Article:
The regional economy brushed off most of Hurricane Harvey’s impact and sustained a healthy pace of expansion over the past six weeks, according to a survey released Wednesday by the Federal Reserve Bank of Dallas.
In its chapter of the Beige Book, an anecdotal survey of the economy compiled every six weeks by the Federal Reserve banks, the Dallas Fed said economic growth in its district “continued to expand at a moderate pace.”
The Dallas Fed’s district includes all of Texas and parts of New Mexico and northern Louisiana. Texas accounts for more than 95 percent of the region’s economic activity, and the greater Houston area accounts for about a quarter of that.
The economic effects of the storm that flooded Houston and destroyed thousands of homes and businesses along the Texas coast lingered into October, but they had become increasingly isolated.
Operations at refineries and chemical plants returned to normal, but construction of new industrial facilities had been delayed by three to six months, the report said. The leisure and hospitality industry rebounded in October after a decline the prior month, but some businesses said they were still recovering.
“An estimate from Texas A&M University puts agricultural losses from Hurricane Harvey at $200 million,” the report said, “which is not as high as expected and far less than what was seen from Hurricane Ike in 2008 and Hurricane Irma.”
Even some of the additional spending on recovery efforts returned to normal over the past six weeks. For example, the growth of auto sales eased after an initial post-Harvey surge of vehicle replacements, the report said.
Yet, broader economic indicators and business outlooks pointed toward a district economy that sustained its momentum — and might even be gaining some steam.
Retail sales expanded, albeit a little more slowly thanks to easing auto sales. Some retailers expressed concern about demand for American goods by Mexican customers, but Houston sports fans appeared to be a good bit more enthusiastic.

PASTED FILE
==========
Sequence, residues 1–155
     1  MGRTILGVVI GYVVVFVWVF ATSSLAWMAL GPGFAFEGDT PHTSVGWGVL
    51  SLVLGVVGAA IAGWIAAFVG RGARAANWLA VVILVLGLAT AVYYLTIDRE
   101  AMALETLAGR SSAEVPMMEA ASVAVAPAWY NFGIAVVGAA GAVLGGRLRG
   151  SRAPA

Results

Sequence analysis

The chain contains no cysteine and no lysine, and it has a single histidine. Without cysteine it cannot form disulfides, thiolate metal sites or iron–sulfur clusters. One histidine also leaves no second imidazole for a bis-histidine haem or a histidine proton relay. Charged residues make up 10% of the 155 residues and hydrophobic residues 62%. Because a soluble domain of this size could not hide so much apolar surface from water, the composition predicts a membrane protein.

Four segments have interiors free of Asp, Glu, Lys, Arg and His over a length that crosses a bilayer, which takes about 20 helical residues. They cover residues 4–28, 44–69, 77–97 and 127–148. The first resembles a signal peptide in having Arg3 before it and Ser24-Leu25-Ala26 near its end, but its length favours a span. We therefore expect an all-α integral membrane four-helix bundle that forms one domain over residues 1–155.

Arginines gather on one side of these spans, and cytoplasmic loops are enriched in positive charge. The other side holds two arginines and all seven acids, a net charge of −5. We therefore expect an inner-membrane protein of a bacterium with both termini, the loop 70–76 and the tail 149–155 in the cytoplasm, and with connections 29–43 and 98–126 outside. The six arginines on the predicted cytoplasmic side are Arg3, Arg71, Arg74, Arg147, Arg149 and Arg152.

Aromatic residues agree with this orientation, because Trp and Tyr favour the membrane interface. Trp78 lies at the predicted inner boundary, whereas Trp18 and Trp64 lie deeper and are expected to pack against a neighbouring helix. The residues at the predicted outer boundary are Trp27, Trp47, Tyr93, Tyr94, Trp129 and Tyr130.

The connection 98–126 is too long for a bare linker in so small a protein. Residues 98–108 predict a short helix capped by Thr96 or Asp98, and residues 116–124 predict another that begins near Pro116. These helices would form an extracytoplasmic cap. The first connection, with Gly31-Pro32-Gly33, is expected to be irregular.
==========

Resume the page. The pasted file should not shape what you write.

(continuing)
According to one clothing retailer, “Houston-area stores benefited from the Astros playoff and World Series excitement, as well as some additional spending by flood victims.”
Employment growth remained solid throughout the six-week period, and about two-thirds of the Dallas Fed’s contacts said they anticipated increased hiring over the next 12 months, with many citing expectations for strong sales growth.
They probably will be competing for employees in a tight labor pool that’s pushing wages higher. Over the past six weeks, the report said, worker shortages boosted wages of a wide range of industries, from manufacturing and construction to airlines and health care providers.
Manufacturers saw their robust pace of production expand even more in the past six weeks, with a rebound in the output of nondurable goods, such as chemicals and food, joining the already strong output of durable goods.
Increased volumes for both rail and air cargo helped drive accelerated demand across non-financial services industries. Most of those service-sector firms expect a strong 2018, but many also noted that uncertainty about federal health care and tax regulations made it difficult to plan for the coming year.
Banks and other financial-services firms said loan volumes increased over the past six weeks, but the pace of growth continued to slow, with easing demand for commercial and residential real estate loans. Growth in commercial and industrial lending was offset in part by a slight decline in consumer loan volumes.
Home sales rose thanks to a rebound in Houston after the hurricane, at least in parts of the city not affected by flooding. The pace of growth slowed in Dallas and Austin.
The apartment market improved as well, as it slowly returned to “a normal pace of growth following a few years of above-average expansion,” the report said.
Oil prices also returned to levels that might better support the energy industry. Drilling activity declined with a drop in the rig count, but the Dallas Fed’s contacts suggested healthy demand for oilfield services in the Permian Basin could spread to other fields with the rebound in prices.